The Light Pirate, by Lily Brooks-Dalton, is a story about global warming, family, magic, guilt, and adaptation. Set in the near future, this novel tells the story of Wanda Lowe’s life, from the end of her mother’s pregnancy to her own old age. Wanda’s life coincides with the collapse of the modern world as we know it, and through the different segments of the book we view both the day- to- day changes for her and her family as well as the changes to the Florida town she lives in. Spoiler alert: global warming is coming for Florida, and for all of us.
Wanda’s birth takes place during the eponymous Hurricane Wanda, a worse-than-anticipated storm that kills many and physically changes the landscape of her town. This marks her out as different in many ways, as does growing up in a family that endured an unimaginable tragedy. As she grows up, we see how the world changes— from the water view homes becoming waterfront and then under water, to the town’s population shrinking as people flee for different areas, to the decrease and shut down of the services available. By the time she’s an adult, the world is unrecognizable.
The structure of this book works really well. It takes place in four main eras of Wanda’s life: power (the time leading up to her birth), water (around age ten), light (adulthood), and time (elderly). Each section has plenty of flashbacks and narration so it’s clear how the characters got to where they are, and it never once feels like anything is missing. Honestly, I could have read an entire book set in any one of these eras— the world is rich with detail, and even the side characters make an impression. The magical elements are present, but never overwhelmingly so (and one character offers a somewhat-scientific explanation for them). Wanda approaches everything with the same amount of inquisitiveness, be it unexplained phenomena or how food storage works, so it made it easy to accept the magic as the way the world is.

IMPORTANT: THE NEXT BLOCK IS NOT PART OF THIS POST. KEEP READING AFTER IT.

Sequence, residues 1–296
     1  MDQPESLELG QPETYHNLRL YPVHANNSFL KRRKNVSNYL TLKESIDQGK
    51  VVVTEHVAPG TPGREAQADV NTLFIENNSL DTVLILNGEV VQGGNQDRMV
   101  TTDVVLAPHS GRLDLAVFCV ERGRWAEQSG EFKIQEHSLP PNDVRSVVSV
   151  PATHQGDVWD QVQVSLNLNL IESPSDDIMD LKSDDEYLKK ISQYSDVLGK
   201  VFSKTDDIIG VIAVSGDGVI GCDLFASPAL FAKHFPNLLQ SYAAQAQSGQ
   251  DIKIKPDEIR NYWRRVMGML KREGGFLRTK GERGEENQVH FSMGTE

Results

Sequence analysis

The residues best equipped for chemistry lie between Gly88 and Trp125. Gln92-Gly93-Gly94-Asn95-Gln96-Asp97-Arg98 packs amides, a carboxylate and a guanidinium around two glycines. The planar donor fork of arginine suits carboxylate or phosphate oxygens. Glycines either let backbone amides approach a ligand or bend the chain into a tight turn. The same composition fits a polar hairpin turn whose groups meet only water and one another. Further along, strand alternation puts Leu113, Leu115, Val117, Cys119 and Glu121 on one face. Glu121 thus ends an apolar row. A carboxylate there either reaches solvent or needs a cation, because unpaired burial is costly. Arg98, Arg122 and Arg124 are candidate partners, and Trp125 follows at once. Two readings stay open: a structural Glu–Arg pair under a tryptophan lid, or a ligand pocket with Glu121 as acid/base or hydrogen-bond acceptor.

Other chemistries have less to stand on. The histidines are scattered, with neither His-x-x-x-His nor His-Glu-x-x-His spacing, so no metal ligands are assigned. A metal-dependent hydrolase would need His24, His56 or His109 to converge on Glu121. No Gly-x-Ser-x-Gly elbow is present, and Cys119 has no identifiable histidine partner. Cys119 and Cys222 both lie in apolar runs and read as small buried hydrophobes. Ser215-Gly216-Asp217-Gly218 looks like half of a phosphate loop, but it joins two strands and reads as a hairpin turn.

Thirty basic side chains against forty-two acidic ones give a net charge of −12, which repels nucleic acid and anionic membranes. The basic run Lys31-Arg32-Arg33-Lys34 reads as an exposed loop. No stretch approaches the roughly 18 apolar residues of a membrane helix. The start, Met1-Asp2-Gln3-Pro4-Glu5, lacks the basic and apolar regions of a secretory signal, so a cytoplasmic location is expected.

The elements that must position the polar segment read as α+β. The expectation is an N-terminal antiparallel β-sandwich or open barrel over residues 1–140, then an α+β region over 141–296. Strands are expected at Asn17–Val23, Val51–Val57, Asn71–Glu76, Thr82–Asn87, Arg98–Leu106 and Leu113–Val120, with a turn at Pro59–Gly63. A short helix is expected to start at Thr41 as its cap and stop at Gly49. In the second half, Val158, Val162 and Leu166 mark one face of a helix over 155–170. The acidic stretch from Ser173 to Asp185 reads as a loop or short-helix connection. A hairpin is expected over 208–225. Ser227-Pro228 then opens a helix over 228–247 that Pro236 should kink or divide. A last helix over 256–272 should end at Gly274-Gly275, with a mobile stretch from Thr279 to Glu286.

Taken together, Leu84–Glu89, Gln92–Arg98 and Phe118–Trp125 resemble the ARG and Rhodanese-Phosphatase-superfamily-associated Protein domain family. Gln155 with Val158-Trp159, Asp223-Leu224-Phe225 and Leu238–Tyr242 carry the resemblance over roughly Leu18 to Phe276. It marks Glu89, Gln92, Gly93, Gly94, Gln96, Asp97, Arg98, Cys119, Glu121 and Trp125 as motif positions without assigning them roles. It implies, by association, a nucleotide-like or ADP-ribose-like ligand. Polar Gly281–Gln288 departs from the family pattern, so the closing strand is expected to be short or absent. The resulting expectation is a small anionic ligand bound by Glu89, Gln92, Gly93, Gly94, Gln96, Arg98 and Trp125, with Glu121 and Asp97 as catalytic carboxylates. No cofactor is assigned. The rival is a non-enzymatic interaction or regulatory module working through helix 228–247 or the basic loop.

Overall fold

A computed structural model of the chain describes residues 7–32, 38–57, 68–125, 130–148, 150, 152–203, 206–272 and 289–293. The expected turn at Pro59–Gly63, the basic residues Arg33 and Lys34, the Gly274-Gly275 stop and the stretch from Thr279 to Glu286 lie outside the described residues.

Something I really liked about this novel was the way that Brooks-Dalton builds tension. The first section of the book, focusing on Wanda’s parents before and during the hurricane that gives her her name, is so anxious and claustrophobic that I really felt like I was there. There’s an aggressive foreshadowing throughout the book that I also appreciated — we’re never left with the impression that things will go well, or friends will be reunited. The world is ending, and there’s nothing that can be done to stop it. I realize that sounds grim, but I don’t want to give the wrong impression— ultimately, I found this to be a story of hope. I often see predictions for apocalyptic scenarios that revolve around violence and terror, an “everyone for themselves” type of situation. While The Light Pirate doesn’t sugarcoat the realities of being alone with nobody to watch your back, it shows that collaboration and mutual aid are going to be what saves us all.
I loved this book. I cried (a lot), I laughed (somewhat less), and I resolved to keep more emergency supplies in my home and car.
The Light Pirate by Lily Brooks-Dalton publishes December 6, 2022 and is available for pre-order now at your local independent bookstore or anywhere fine books are sold.